Post-debate meditation on loneliness, greatness, and imperfection

Starting next week, I will be in Pennsylvania talking to undecided voters and getting out the vote. Just to be clear, this means doing all the things I’m not good at and scares the shit out of me. But I’ll try to do my best, and to make a difference. Never more than today, I feel the absolute urgency to succeed.

Last weekend, I went to a two-day training for “Deputy field organizers” (this is what I will be doing in the next month). Of all the things I watched and read about this campaign, a video they showed us during the training stuck with me the most. And what I mean is, I can’t stop thinking about it.

The video was shot at Obama’s campaign headquarter in Chicago the day Barack Obama learned he would be the democratic presidential candidate. Senator Obama wanted to thank his volunteers and talk about the work ahead of them.

Barack Obama. AP

You would expect him to be super-excited and cheering, but he wasn’t. He looked tired, with dark circles under his eyes and very serious. He thanked his people for their amazing hard work and for “lifting him,” in all his limitations and imperfections, to the place where he now stood.

But he also pointed out that the hard fight had just started. “If we had lost the primaries,” he said, “it would have been OK.” Another democratic candidate would have taken over and continued to support the values they all so much cared about. “But we won, and now there is no going back. Now, we cannot afford to lose.”

For most of the video, Barack is seen from the back, as we were standing behind him. We could still see a slice of his smile, so endearing and yet somewhat sad. A smile that has seen too much avoidable suffering, in a country that has the potential of being the best place on Earth.

I found Obama’s display of vulnerability much more motivating that all the celebratory DNC extravaganza. Barack Obama’s sense of responsibility for the people who are the easy victims of History’s mistakes ad bad decisions and his insistence that the only guarantee of a fair government is not a perfect leader, but popular participation in the democratic process is what draws me towards him so powerfully. Much more strongly that any single stance he took, his value system and his vision for America makes me feel so passionately about him.

McCain and Obama during the presidential debate

During the first McCain-Obama debate I looked at Senator Obama as he was listening to his opponent and taking notes. He had the same smile, his head lowered and slightly tilted. Obama was thinking of what to say and how to say it; he needed to be careful to strike the right balance of strength and respect.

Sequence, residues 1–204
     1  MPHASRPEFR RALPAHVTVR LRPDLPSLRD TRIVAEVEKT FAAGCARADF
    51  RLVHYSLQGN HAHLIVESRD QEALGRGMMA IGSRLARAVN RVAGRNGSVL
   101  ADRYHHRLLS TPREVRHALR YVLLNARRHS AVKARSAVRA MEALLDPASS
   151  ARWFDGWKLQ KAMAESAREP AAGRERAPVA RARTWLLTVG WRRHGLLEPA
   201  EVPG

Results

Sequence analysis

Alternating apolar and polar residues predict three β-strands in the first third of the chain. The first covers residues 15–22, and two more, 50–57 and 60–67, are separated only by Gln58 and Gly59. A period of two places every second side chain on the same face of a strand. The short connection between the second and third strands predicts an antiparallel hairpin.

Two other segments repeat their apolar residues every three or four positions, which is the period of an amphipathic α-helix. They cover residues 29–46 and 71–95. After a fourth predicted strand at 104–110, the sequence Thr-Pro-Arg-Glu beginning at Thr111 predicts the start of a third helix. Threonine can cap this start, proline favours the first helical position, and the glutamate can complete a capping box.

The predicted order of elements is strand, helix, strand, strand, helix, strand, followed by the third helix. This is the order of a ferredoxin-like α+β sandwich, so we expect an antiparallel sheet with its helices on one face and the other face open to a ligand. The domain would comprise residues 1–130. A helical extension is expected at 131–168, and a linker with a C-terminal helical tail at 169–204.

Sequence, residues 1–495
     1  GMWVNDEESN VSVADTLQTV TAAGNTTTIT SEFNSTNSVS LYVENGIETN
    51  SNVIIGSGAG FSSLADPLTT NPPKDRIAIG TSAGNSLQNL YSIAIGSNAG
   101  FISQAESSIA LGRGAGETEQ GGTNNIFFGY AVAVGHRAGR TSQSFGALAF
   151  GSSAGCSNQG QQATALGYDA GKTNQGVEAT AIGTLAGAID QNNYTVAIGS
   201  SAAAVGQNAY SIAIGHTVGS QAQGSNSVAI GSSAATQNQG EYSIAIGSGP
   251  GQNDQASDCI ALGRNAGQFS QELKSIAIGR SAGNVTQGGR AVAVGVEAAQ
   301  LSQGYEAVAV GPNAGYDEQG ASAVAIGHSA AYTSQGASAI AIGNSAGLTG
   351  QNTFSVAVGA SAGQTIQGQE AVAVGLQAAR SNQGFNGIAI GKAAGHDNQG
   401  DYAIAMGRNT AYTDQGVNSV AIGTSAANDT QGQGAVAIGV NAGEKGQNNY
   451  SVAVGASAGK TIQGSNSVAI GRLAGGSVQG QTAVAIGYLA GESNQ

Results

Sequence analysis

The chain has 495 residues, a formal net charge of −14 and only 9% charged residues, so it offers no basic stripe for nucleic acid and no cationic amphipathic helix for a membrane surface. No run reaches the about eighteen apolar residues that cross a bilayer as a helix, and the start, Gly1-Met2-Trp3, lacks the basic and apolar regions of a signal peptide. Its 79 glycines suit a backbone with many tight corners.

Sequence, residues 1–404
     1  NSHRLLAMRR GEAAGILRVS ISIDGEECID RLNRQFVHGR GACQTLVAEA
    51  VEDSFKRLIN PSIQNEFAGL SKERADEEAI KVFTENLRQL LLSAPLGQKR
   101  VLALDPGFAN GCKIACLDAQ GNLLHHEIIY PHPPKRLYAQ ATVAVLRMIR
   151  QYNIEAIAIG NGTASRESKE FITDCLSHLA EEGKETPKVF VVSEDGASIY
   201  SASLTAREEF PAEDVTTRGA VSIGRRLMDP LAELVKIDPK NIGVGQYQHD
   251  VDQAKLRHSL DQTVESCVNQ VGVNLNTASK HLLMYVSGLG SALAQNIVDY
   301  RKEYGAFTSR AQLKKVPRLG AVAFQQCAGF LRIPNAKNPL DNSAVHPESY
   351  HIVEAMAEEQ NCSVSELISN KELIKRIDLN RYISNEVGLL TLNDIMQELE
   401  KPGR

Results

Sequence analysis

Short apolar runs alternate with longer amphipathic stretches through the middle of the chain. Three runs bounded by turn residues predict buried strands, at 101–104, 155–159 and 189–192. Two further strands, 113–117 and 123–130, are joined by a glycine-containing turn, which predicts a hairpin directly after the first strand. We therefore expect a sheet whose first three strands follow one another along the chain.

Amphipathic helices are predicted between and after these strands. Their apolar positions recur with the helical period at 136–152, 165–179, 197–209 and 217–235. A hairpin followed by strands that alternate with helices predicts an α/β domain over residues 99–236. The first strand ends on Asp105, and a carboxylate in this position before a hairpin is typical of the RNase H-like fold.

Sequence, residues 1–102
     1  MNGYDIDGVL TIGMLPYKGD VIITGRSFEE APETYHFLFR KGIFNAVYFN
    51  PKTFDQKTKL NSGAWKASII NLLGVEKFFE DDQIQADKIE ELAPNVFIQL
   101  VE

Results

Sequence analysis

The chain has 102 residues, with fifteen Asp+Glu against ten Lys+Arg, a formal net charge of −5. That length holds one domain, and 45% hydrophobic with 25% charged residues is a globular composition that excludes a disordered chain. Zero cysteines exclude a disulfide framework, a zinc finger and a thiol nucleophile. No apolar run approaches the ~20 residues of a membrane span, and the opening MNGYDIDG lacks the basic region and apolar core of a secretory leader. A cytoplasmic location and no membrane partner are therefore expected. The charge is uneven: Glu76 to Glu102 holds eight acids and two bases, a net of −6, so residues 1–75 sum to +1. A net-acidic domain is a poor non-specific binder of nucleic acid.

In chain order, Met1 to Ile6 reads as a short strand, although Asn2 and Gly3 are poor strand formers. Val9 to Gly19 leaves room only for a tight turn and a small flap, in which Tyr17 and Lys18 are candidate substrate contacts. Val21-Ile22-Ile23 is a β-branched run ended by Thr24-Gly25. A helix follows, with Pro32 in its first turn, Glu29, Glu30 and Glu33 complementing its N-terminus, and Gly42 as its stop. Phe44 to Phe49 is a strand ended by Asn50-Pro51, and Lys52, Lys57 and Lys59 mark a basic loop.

It’s a tight tight balance, slim razor’s blade between being perceived as forceful, knowledgeable, and assertive and being perceived as arrogant and disrespectful. His victory or defeat depends on his tightrope walker’s ability to strike just the right chord. Because he is a black man with a scary name and, despite his charm, he has no margin for error.

Barack Obama is too smart not to have full awareness of how close he is to winning and how close to losing. He has the burden to do exactly the right thing not only for his own sake, but for the impact that this election will have on millions of people. And he has to do it while the entire world is watching, in a country that has not been very tolerant of dreamers. Now, that’s terrifying.

This morning I stumbled on this quote from Theodore Roosevelt, that seems the right way to end this reflection on greatness and imperfection.

Theodore RooseveltIt’s not the critic who counts, not the man who points out how the strong man stumbled, or when the doer of deeds could have done better.
The credit belongs to the man who is actually in the arena; whose face is marred by dust and sweat and blood; who strives valiantly; who errs and comes short again and again; who knows the great enthusiasms, the great devotions and spends himself in a worth cause; who at the best, knows in the end the triumph of high achievement; and who at the worst if he fails, at least fails while daring greatly, so that his place shall never be with those cold and timid souls who know neither victory or defeat.

3 comments on “Post-debate meditation on loneliness, greatness, and imperfection
  1. Hi Antonella,

    Just wanted to say that I’ve started reading your blog. I’m wondering if you have heard about the book, “What Men Don’t Tell Women About Business”. I heard the guy (Chris Flett) on the Today Show and thought you probably have already heard of him. I’m wondering what your thoughts were. He seems to be really taking on the ‘Old Boys Club”. I just emailed him, but haven’t heard back.

    Anyway, keep up the great writing.

    Best,

    Bihter.

  2. Hi Antonella,

    I’ve been doing some additional research on the author, Chris Flett, that I talked about on my last comment. His company is “GhostCEO” (www.GhostCEO.com) and his book is a bestseller. I found it on Amazon here. Anyway, he was in the NY Times last Sunday under the “Career Couch” and he makes reference to women’s blogs like yours so I thought you might like to connect. I’d like to see you interview him and see what he’s all about. I saw on another blog he was a guest blogger. His email is: chris@ghostceo.com

    Best wishes,

    Bihter.

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